Yet, coastal habitats are vanishing with incredible speed. According to the paper, 20 percent of mangroves have been lost in the past thirty years. In total, seagrasses have lost 29 percent of their historical distribution. These ecosystems are being converted for agriculture, aquaculture (such as shrimp farming), development, and tourism. The massive and continuing conversion of these ecosystems is having a big impact on our planet.
“The total annual loss of mangroves and seagrasses has the longterm carbon sequestration capacity of a tropical forest area similar to the annual deforestation rate in the Amazon,” writes Pidgeon.
Coastal environments are not just important for carbon sequestration. Mangroves provide a number of vital ecosystem services, according to Pidgeon, such as protection from extreme weather and natural disasters like tsunamis and important habitat for natural fish nurseries, providing an important source of food for local communities.
“Not only do these ecosystems help us to remove carbon from the atmosphere, but they are also very important as an adaptation tool to help some of the world’s most vulnerable people to avoid the worst impacts of climate change,” writes Pidgeon. “It is imperative that we take steps to protect them immediately.”
CITATION: Emily Pidgeon. Carbon Sequestration by Coastal Marine Habitats: Important Missing Sinks. The Management of Natural Coastal Carbon Sinks. IUCN. 2009.
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(11/11/2009) Meeting this week in Merida, Mexico, the 9th World Wilderness Congress (WILD9) has released a declaration that calls for increasing wilderness protections in an effort to mitigate climate change. The declaration, which is signed by a number of influential organizations, argues that wilderness areas—both terrestrial and marine—act as carbon sinks, while preserving biodiversity and vital ecosystem services.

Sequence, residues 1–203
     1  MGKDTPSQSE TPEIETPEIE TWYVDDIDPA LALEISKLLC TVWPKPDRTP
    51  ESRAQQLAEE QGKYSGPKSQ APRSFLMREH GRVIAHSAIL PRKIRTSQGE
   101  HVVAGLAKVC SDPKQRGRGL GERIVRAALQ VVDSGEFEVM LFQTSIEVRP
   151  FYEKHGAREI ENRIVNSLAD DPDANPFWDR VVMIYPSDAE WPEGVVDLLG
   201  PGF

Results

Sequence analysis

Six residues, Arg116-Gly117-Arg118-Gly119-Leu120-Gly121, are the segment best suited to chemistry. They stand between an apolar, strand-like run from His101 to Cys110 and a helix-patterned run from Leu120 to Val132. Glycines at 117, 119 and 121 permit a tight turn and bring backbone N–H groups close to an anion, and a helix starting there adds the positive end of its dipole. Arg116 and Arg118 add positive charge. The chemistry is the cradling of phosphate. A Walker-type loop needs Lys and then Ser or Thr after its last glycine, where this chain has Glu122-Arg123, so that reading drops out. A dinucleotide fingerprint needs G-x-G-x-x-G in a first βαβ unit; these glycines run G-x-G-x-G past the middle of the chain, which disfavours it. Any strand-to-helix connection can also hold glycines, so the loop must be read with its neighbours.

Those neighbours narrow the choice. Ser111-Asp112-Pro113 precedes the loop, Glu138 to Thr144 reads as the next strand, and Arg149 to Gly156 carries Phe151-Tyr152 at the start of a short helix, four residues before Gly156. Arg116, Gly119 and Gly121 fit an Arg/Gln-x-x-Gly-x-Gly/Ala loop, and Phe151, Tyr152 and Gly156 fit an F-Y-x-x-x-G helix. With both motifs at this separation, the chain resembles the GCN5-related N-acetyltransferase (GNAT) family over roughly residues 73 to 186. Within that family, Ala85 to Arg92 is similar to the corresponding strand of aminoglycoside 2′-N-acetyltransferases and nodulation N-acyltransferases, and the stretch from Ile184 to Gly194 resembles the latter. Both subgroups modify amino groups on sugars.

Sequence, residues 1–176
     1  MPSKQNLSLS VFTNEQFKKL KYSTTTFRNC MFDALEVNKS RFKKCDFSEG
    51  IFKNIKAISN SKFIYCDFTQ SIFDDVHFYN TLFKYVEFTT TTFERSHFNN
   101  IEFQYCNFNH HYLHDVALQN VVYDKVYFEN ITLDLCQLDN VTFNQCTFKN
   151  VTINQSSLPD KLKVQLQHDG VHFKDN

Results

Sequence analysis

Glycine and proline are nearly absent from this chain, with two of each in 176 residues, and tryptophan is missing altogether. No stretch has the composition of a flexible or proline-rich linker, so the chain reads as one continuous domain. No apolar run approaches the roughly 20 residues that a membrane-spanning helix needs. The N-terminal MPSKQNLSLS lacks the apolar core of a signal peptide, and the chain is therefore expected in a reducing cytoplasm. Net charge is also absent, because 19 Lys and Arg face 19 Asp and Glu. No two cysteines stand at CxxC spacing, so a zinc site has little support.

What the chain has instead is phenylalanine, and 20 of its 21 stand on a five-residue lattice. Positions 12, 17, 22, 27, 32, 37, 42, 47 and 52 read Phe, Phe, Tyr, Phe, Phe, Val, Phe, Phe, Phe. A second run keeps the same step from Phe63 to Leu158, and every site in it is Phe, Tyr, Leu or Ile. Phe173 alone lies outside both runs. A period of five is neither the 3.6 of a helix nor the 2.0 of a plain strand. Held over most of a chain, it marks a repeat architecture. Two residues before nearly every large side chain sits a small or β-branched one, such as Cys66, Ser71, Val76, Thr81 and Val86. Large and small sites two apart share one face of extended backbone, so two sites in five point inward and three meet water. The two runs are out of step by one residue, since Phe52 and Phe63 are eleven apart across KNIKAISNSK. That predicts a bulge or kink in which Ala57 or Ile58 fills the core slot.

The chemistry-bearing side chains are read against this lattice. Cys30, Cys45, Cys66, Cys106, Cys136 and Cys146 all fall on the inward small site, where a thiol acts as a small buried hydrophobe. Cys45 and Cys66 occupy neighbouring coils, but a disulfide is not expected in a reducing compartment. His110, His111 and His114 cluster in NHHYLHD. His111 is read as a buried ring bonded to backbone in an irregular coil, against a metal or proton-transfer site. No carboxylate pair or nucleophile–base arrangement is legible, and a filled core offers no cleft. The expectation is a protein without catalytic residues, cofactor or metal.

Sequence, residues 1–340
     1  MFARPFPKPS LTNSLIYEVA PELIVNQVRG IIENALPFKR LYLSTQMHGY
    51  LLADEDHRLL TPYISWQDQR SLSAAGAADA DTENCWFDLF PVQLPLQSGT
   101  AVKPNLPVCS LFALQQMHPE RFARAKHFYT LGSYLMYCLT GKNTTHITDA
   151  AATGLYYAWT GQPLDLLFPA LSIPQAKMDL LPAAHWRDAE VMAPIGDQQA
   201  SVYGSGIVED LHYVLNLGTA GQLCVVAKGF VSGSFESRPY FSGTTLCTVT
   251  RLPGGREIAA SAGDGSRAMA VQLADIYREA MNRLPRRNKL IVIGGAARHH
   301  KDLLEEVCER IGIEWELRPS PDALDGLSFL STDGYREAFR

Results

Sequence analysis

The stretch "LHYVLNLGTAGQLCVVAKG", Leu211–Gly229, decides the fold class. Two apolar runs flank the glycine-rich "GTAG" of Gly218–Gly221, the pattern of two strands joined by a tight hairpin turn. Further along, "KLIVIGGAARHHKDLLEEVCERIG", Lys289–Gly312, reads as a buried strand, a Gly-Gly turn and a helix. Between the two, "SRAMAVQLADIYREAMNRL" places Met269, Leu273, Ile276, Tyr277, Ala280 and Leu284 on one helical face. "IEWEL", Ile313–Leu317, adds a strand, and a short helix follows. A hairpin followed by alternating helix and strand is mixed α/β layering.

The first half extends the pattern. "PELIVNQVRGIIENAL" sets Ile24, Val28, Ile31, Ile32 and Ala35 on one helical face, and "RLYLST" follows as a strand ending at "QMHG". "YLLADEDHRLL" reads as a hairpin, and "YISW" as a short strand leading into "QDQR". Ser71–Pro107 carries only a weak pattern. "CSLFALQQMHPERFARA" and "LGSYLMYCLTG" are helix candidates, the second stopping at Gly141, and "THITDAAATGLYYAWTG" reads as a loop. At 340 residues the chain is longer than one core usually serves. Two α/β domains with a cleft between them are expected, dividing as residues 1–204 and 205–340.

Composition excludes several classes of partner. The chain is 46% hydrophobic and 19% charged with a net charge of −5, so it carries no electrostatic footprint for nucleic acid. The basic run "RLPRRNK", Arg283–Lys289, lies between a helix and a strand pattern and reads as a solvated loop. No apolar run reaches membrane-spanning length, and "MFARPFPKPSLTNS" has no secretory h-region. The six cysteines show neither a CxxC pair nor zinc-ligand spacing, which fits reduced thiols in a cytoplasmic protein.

(04/15/2009) In 1999 a super cyclone struck the eastern coast of India, leaving 10,000 people dead. At the time the Orissa cyclone, named after the Indian state which it battered, was the deadliest storm in India in over a quarter century. However, according to a new study published in The Proceedings of the National Academy of Sciences the death toll would have been significantly higher if the mangrove forests buffeting the Indian villagers from the sea had not softened the cyclone’s blow.
(11/14/2008) Services provided by coral reefs and mangroves in Belize are worth US$395 million to US$559 million per year, or 30 to 45 percent of the Central American country's GDP — according to a new report released by the World Resources Institute and the World Wildlife Fund (WWF).
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(07/21/2008) Mangroves serve as a critical nursery for young marine life and therefore play an important role in the health of fisheries and the economic well-being of fishermen, report researchers writing in the early online edition of the Proceedings of the National Academy of Sciences.
(07/20/2008) Destruction of wetland ecosystems will generate massive greenhouse gas emissions in coming years, warn experts convening at an international wetlands conference in Brazil.